Mitochondrial dysfunction and increased oxidative stress are associated with obesity and type 2 diabetes. High fat feeding induces insulin resistance and increases skeletal muscle oxidative stress in rodents, but there is controversy as to whether skeletal muscle mitochondrial biogenesis and function is altered.
Methodology and Principal Findings
Forty (37±2 y) non-obese (25.6±0.6 kg/m2) sedentary men (n = 20) and women (n = 20) were overfed (+1040±100 kcal/day, 46±1% of energy from fat) for 28 days. Hyperinsulinemic-euglycemic clamps were performed at baseline and day 28 of overfeeding and skeletal muscle biopsies taken at baseline, day 3 and day 28 of overfeeding in a sub cohort of 26 individuals (13 men and 13 women) that consented to having all 3 biopsies performed. Weight increased on average in the whole cohort by 0.6±0.1 and 2.7±0.3 kg at days 3 and 28, respectively (P<0.0001, without a significant difference in the response between men and women (P = 0.4). Glucose infusion rate during the hyperinsulinemic-euglycemic clamp decreased from 54.8±2.8 at baseline to 50.3±2.5 µmol/min/kg FFM at day 28 of overfeeding (P = 0.03) without a significant difference between men and women (P = 0.4). Skeletal muscle protein carbonyls and urinary F2-isoprostanes increased with overfeeding (P<0.05). Protein levels of muscle peroxisome proliferator-activated receptor gamma coactivator-1α (PGC1α) and subunits from complex I, II and V of the electron transport chain were increased at day 3 (all P<0.05) and returned to basal levels at day 28. No changes were detected in muscle citrate synthase activity or ex vivo CO2 production at either time point.
Peripheral insulin resistance was induced by overfeeding, without reducing any of the markers of mitochondrial content that were examined. Oxidative stress was however increased, and may have contributed to the reduction in insulin sensitivity observed.
The contribution of mitochondrial dysfunction to skeletal muscle insulin resistance remains elusive. Comparative proteomics are being applied to generate new hypotheses in human biology and were applied here to isolated mitochondria to identify novel changes in mitochondrial protein abundance present in insulin-resistant muscle.
RESEARCH DESIGN AND METHODS
Mitochondria were isolated from vastus lateralis muscle from lean and insulin-sensitive individuals and from obese and insulin-resistant individuals who were otherwise healthy. Respiration and reactive oxygen species (ROS) production rates were measured in vitro. Relative abundances of proteins detected by mass spectrometry were determined using a normalized spectral abundance factor method.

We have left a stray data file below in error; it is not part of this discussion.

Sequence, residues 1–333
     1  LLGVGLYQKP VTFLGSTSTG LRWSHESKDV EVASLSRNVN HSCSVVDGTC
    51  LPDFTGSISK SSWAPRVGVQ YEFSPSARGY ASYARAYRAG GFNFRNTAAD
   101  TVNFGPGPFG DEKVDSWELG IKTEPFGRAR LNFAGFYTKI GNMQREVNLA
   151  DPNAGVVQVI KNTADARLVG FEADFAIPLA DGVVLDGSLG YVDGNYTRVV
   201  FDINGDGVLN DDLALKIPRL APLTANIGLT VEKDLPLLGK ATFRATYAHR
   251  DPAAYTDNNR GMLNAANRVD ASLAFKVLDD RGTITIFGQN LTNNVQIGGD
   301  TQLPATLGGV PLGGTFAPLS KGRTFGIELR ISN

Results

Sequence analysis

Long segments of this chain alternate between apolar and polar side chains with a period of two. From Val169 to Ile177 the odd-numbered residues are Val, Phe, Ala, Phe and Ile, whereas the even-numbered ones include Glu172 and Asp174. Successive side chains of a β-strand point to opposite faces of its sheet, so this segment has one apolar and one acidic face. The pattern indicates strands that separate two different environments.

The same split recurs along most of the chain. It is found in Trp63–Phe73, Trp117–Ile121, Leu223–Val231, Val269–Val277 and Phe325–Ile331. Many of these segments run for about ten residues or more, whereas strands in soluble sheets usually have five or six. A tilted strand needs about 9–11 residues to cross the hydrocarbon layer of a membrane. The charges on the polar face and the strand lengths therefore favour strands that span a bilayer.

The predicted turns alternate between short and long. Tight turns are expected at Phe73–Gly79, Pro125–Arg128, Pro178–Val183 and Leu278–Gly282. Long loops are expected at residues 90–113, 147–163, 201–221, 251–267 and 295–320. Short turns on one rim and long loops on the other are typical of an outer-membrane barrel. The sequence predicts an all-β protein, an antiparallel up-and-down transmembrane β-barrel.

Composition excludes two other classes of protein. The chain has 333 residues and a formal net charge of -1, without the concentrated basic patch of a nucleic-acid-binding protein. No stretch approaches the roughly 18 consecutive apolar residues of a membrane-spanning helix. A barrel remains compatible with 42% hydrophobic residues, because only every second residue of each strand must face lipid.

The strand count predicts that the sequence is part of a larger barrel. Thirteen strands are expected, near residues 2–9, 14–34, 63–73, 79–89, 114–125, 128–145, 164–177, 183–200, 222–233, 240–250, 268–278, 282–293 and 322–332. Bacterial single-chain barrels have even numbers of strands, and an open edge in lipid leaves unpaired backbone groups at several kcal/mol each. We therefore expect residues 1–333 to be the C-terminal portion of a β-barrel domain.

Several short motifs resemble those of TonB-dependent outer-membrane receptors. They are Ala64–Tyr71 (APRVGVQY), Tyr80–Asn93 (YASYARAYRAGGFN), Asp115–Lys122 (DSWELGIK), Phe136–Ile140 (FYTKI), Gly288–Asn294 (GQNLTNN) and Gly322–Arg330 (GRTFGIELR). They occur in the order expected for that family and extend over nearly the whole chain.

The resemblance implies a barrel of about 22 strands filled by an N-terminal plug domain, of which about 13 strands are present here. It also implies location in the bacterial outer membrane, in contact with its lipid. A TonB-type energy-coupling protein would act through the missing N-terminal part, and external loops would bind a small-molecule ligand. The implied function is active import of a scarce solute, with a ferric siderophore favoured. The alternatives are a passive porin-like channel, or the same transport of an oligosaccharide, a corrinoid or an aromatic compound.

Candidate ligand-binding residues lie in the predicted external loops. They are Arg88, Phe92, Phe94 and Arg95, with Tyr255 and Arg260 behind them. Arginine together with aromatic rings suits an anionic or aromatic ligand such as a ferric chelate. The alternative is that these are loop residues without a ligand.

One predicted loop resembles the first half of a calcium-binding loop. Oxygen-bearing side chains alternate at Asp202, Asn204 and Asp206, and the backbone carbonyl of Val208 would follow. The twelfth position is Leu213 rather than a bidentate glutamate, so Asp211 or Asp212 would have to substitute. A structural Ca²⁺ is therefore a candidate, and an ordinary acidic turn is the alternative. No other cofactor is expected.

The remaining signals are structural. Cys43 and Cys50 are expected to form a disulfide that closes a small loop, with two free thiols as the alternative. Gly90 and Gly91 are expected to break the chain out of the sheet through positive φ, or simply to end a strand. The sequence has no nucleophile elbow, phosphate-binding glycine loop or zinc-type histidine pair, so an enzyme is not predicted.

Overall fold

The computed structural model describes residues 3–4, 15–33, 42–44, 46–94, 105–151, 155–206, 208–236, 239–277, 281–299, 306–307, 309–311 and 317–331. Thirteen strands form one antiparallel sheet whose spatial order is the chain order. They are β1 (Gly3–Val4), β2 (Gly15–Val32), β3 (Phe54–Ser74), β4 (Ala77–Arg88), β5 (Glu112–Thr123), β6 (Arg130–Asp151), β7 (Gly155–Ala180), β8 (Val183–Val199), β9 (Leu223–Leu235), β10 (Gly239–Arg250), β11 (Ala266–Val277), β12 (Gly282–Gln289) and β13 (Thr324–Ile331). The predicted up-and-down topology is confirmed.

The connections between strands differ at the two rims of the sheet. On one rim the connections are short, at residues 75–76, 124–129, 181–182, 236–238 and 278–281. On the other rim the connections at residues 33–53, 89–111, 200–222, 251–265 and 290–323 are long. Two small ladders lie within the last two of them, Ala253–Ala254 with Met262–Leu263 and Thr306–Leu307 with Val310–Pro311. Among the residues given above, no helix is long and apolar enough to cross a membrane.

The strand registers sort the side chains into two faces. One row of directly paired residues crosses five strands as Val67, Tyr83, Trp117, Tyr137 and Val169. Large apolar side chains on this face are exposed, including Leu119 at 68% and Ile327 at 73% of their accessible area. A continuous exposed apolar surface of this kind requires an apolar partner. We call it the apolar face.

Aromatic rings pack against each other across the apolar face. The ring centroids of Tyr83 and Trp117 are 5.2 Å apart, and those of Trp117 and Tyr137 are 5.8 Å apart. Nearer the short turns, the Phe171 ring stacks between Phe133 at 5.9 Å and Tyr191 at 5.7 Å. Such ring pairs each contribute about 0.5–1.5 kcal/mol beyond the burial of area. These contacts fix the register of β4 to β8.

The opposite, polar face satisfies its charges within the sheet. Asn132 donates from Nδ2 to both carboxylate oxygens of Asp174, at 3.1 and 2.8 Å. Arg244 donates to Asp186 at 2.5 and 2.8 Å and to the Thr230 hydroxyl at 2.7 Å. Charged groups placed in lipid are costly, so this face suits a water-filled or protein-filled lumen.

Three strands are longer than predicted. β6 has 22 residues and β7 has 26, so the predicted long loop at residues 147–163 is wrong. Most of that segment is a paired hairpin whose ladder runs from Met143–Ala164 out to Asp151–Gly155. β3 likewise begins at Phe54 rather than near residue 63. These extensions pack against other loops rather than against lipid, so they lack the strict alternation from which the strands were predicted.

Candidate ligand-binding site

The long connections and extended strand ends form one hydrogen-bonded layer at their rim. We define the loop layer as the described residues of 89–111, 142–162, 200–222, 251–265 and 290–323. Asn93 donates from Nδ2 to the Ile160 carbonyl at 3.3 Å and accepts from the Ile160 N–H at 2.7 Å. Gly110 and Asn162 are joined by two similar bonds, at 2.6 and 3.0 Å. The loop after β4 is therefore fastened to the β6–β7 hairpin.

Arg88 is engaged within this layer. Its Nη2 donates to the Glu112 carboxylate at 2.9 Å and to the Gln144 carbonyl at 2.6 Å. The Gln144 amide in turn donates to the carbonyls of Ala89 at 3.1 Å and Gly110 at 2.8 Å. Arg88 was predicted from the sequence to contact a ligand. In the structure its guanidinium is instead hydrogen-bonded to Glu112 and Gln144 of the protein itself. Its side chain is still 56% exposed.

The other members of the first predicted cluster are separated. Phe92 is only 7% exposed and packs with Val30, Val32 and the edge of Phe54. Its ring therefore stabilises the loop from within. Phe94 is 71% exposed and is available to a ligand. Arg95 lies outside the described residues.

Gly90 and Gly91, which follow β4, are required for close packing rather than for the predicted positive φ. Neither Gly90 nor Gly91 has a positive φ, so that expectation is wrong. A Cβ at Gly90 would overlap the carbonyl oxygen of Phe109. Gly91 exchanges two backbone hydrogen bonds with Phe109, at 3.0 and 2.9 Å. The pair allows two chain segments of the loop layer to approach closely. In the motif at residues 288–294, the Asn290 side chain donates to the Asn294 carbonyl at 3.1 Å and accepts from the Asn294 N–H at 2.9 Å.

NADH- and FADH2-linked maximal respiration rates were similar between lean and obese individuals. Rates of pyruvate and palmitoyl-dl-carnitine (both including malate) ROS production were significantly higher in obesity. Mitochondria from obese individuals maintained higher (more negative) extramitochondrial ATP free energy at low metabolic flux, suggesting that stronger mitochondrial thermodynamic driving forces may underlie the higher ROS production. Tandem mass spectrometry identified protein abundance differences per mitochondrial mass in insulin resistance, including lower abundance of complex I subunits and enzymes involved in the oxidation of branched-chain amino acids (BCAA) and fatty acids (e.g., carnitine palmitoyltransferase 1B).
We provide data suggesting normal oxidative capacity of mitochondria in insulin-resistant skeletal muscle in parallel with high rates of ROS production. Furthermore, we show specific abundance differences in proteins involved in fat and BCAA oxidation that might contribute to the accumulation of lipid and BCAA frequently associated with the pathogenesis of insulin resistance.
Insulin and contraction each increase muscle microvascular blood volume (MBV) and glucose uptake. Inhibiting nitric oxide synthase blocks insulin's but not contraction's effects. We examined whether contraction could augment the MBV increase seen with physiologic hyperinsulinemia and whether free fatty acid (FFA)-induced insulin resistance differentially affects contraction- versus insulin-mediated increases in MBV.
RESEARCH DESIGN AND METHODS
Rats were fasted overnight. Plasma FFAs were increased by intralipid/heparin infusion (3 h), insulin was increased with a euglycemic clamp (3 mU · min−1 · kg−1), and hindlimb muscle contraction was electrically stimulated. Muscle MBV was measured using contrast-enhanced ultrasound. Insulin transport into muscle was measured using 125I-insulin. BQ-123 (0.4 mg/h) was used to block the endothelin-1 (ET-1) receptor A.